It is always good to keep in mind that a wavefunction for a real particle in the lab is a solution of Schroedinger's equation with specific boundary conditions given by the experimental set-up that makes the measurement. Every measurement changes the boundary conditions for the solution that describes the particle's $(x,y,z,t)\;\;\&\;\; (p_x,p_y,p_z,E)$ which are the vectors we can normally measure.

It is also good to keep in mind that the solution of S's equation that describes the specific particle in the lab is a function whose square gives the probability of finding the specific measurement one finds with the experiment. That is the reason one does not try to devise experiments chasing after the "same" electron, because a single measurement in space and time ( or momentum and energy) cannot give any information on probability distributions and whether one has the correct potentials in the S equation ( or the more advanced formalisms of quantum mechanics). We do scattering experiments with beams with an enormous number of particles for that reason. Same boundary conditions and a plethora of particles will give us the probability function, and thus help us discriminate between theories, which is the reason for experiments.

After the measurement each particle is described by a new probability function given by the new boundary conditions , because each measurement changes the boundary conditions.

And finally it should also be stressed that the probability distribution describing a particle is just that , a distribution in space (or energy momentum space) of the probability of finding the particle whole when you measure it at that specific coordinate. It is not a solution with the particle's mass spread out like a splash in coordinate space. Thus the concept of "collapse" is a misleading concept. The "collapse" happens in probability space not in real space, in the same way that when one throws the dice, each of the 6 numbers is spread in probability space equally and the throw "collapses it " to a specific number. Nothing material gets collapsed. It is not a balloon being punctured.

share|cite|improve this answer

The electron doesn't get destroyed when you measure it (though photons usually do), but its wavefunction doesn't go back to how it was before. Instead it gets a new wavefunction, different from the old one. If you measured the position of the electron, this new wavefunction will be a delta function (a single infinitely sharp spike) centred at the position you measured. This change in the wavefunction is what's meant by "collapse".

If this didn't happen then you would be able to measure both the position and the momentum simultaneously, by making multiple measurements: first measure the position, and then measure the momentum. But in reality you can't do this, because the first measurement changes the wavefunction. The delta function it turns into doesn't have a well-defined momentum (i.e. its momentum could be anything), and this is essentially how the Heisenberg uncertainty principle works.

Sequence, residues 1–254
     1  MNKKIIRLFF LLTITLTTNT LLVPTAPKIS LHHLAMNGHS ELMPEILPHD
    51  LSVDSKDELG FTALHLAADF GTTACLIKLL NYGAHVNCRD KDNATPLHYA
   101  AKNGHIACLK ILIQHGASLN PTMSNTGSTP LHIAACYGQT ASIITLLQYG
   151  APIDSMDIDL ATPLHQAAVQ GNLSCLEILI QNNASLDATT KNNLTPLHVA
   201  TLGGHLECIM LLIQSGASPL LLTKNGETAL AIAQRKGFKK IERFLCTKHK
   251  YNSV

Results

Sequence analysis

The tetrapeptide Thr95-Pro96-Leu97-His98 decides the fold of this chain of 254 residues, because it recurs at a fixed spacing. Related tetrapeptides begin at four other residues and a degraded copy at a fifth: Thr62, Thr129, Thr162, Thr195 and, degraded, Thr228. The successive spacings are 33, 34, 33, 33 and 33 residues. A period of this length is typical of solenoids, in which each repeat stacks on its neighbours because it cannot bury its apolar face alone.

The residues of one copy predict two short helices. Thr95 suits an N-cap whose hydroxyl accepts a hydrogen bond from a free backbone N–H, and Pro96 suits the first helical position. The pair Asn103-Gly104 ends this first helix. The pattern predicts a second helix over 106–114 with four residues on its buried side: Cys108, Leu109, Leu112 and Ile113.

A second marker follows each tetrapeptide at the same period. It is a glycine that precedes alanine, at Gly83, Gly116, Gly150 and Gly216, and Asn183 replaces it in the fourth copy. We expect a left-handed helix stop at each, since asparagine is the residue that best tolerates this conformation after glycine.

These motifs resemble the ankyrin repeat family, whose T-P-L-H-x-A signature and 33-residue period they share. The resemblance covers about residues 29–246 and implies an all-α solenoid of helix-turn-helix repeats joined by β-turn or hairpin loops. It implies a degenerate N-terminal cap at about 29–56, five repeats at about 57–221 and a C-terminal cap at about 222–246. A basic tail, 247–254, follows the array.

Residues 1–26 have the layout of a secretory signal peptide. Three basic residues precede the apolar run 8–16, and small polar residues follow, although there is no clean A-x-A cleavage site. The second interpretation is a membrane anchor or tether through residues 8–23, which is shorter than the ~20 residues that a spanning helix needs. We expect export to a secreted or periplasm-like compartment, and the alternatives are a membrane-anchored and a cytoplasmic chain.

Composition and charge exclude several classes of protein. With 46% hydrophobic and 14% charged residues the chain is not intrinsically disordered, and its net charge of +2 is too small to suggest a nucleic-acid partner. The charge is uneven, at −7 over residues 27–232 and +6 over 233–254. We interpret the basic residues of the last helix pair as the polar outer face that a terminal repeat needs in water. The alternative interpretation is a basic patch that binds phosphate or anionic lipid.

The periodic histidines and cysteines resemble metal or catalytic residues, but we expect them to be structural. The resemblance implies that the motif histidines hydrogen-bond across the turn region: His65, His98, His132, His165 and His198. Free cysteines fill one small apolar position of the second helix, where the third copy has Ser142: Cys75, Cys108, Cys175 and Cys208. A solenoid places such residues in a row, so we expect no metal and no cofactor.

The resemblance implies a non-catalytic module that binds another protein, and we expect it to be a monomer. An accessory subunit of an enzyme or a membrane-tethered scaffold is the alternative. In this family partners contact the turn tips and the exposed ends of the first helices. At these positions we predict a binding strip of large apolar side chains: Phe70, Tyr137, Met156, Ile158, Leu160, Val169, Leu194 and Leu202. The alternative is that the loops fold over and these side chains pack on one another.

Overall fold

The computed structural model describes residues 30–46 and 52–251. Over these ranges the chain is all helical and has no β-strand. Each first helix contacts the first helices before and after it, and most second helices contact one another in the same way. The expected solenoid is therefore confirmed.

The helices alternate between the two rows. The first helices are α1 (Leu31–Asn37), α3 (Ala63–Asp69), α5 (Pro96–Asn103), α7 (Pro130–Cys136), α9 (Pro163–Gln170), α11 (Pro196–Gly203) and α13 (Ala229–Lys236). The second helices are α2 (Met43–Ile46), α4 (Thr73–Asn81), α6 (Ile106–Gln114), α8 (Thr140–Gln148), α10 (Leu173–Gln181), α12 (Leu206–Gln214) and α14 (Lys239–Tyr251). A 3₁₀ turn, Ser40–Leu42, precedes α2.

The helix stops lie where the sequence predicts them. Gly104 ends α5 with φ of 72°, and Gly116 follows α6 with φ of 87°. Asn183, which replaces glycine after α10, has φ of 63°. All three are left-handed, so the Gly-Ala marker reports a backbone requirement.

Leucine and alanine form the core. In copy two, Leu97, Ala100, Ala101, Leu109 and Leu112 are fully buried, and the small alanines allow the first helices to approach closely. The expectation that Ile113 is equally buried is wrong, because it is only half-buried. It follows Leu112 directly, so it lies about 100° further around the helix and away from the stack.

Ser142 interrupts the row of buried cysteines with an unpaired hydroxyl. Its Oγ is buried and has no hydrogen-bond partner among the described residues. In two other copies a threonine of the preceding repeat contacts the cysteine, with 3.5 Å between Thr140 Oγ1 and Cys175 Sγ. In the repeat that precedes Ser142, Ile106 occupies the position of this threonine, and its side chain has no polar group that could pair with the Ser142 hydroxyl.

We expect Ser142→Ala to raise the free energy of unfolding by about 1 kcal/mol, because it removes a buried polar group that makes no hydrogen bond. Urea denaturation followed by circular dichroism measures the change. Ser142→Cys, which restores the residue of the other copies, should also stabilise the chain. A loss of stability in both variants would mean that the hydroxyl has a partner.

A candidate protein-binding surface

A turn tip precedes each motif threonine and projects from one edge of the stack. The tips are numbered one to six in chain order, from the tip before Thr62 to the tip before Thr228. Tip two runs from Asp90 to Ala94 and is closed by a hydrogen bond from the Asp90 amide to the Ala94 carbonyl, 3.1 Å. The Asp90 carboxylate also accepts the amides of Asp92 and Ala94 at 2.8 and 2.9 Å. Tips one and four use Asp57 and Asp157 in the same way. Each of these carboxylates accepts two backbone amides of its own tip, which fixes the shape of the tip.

share|cite|improve this answer

The notion of wave-particle duality and the abstract mathematical solution to particle location probability is widely misunderstood,and often incorrectly associated even by practising nuclear physicists. Experimentation shows that there is indeed incidences where atomic particles behave like waves and sometimes like particles such as in the primary dual slit experiment which exposed the problem. However, the wave-function of any given system (a particle, an electron, a photon, etc.) is entirely a maths construct which yields usable results. These equations were originally applied to classical systems (sound waves, fluid motions, etc.) but by 'tweaking' them (taking the square of any primary classical wave function) it was realised they are applicable (usable) to describe multiple probabilities of where a particle may be positioned.

What this spawned was the notion of wave function collapse-a concept which has no practical proof and remains nothing more than an abstract. Alternate theories exist (each of about 5 concepts move in and out of 'fashion') which avoid the abstract idea of wave function collapse which itself is only a phrase applicable to the equation, not to the physical particle. We seem to be in a world where the issues involving application of abstract notational wave functions formulae to describe not-understood physical matter (as modelled by the notion of atoms and atomic structure) are being assigned to the physical systems our equations are good at predicting outcomes for, and assumptions are being made that the physical world owns the properties of the equations. They don't. No one on the planet with any real insight would suggest the wave function is 'real'. mol smith

share|cite|improve this answer

Is the very first measurment actually the last one as it unlock chainreaction of measured particle becoming the next observer and consequently measuring recreated wavefunction recollapsing it again into definite particle ... And so on over and over again

share|cite|improve this answer

Your Answer


By posting your answer, you agree to the privacy policy and terms of service.

Not the answer you're looking for? Browse other questions tagged or ask your own question.